As readers would know, in the past, I have had almost endless admiration for what Shannon has done for restaurant cooking in Australia. See http://1001dinners.blogspot.com.au/2015/07/vue-de-monde-melbourne-cbd-052015.html
http://1001dinners.blogspot.com.au/2009/11/vue-de-monde-melbourne-1109.html and many reviews between all these.
Through his restaurants, but particularly VdM he has been at the forefront of modern trends in cooking. Furthermore he has done it with style. He has trained chefs who, working with and for him, have continued to innovate in the tradition of local, fresh, organic foods. He is environmentally conscious - the water bottles
are made from used wine, and other bottles.
The glassware for wine is superb and enhances the pleasure of its contents. Has it all slipped down hill while competitors have improved so much that he has been left behind? We had to come back to see for ourselves.
The venue is superb. Wait staff are abundant, and unfailingly courteous and helpful and service is well paced. We were fortunate to have the Chef's table, with a clear view of the team plating dishes,
It began with an eggplant with eucalyptus, wattle seed pollen dip
and emu jerky.
The presentation was attractive for this gentle start to the meal.
Raw Flinders Island lamb with spring peas, finger lime and lemon myrtle came next.
For whatever reason one doesn't think of serving up raw lamb. This was totally delicious.
Paperback smoked green asparagus from Jonella farm with seaweed and
Rusty wire oyster and salted riberries
Port Philip Bay scallops with blue lip mussels, spring shoots and flowers showed these mussels at their very best.
Full of taste with none of the toughness I normally associate with them, in a taste of the sea soupy sauce, and who doesn't love scallops.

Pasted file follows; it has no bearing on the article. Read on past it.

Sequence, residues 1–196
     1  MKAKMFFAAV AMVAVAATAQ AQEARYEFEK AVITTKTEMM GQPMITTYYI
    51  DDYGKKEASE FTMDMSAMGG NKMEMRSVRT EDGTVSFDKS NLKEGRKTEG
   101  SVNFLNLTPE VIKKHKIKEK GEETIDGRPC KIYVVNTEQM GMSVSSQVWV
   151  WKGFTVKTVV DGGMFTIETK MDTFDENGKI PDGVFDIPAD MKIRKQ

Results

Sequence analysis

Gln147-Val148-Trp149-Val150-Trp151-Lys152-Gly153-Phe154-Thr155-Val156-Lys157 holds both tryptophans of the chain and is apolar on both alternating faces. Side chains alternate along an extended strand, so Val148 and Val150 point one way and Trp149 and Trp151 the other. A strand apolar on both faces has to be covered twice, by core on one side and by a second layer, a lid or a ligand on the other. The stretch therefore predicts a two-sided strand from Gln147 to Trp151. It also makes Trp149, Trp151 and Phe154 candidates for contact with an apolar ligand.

Schultz dairy milk curd with broad beans, rosella flowers and lilly (sic) pilies.
Mudcrab with pickled kohlrabi, marigold and squid ink and tarragon emulsion.
This comes in the form of a sea food sausage on a BBQ so you can make your own sea food hot dog. Back on track. I'm impressed with what Chef Justin James has done with kohlrabi, including his kohlrabi fettucini.
Damper but not damper.
Bread is dangerous. It's so moorish that I have to be careful not to eat too much of it so as to be able to enjoy the meal. This flat bread and a slightly sweet bread wrapped around a stick, presented on a bed of coals, reminiscent of a boy scout campfire, was an innovative change and not too filling.
Kingfish with smoked koji, sea herbs and dessert lime.
One of VdM's signature palate rejuvenators followed. Davidson plum sorbet with celery and apple which was frozen with liquid nitrogen at the table and crushed with a wooden pestle before the sorbet was added.
Leatherwood honey aged duck with cabbage and muntari beans
David Blackmore's grade nine ribeye with buttermilk, horseradish and fermented truffles
was another superlative dish although I didn't feel the truffles added much to it.
As always they have a great trolley of cheese.
Two flavours of marshmellows roasted at the table was a bit of fun
I was offered a replacement but had really had enough to eat by now.
The final offering was Lamingtons/Gumnuts/Watermelon and Four Pillars Gin.
This was far from an alcohol free meal.
Someone mentioned that it was our anniversary
After that we enjoyed a 2015 Bindi VdM (Pinot Noir) Macedon Ranges,
a 2012 Ngeringa Atlas (Voignier), Adelaide Hills,
a 2016 Massolino (Moscato), Moscto d'Asti and a
1999 Chateau Suduirant 1er Cru (Semillon/Sauvignon Blanc) Sauterne.
and his wife
This was not the best meal I have eaten, even some of our meals here have been distinctly superior, as some of the references above to reviews going back to 2009 show, soon after we started this blog, but it was an extremely good meal in a great venue with excellent service, certainly in the top rank of Melbourne restaurants. Does it deserve to be demoted by The Age Good Food Guide? I don't think so.
Sometimes you can be too successful.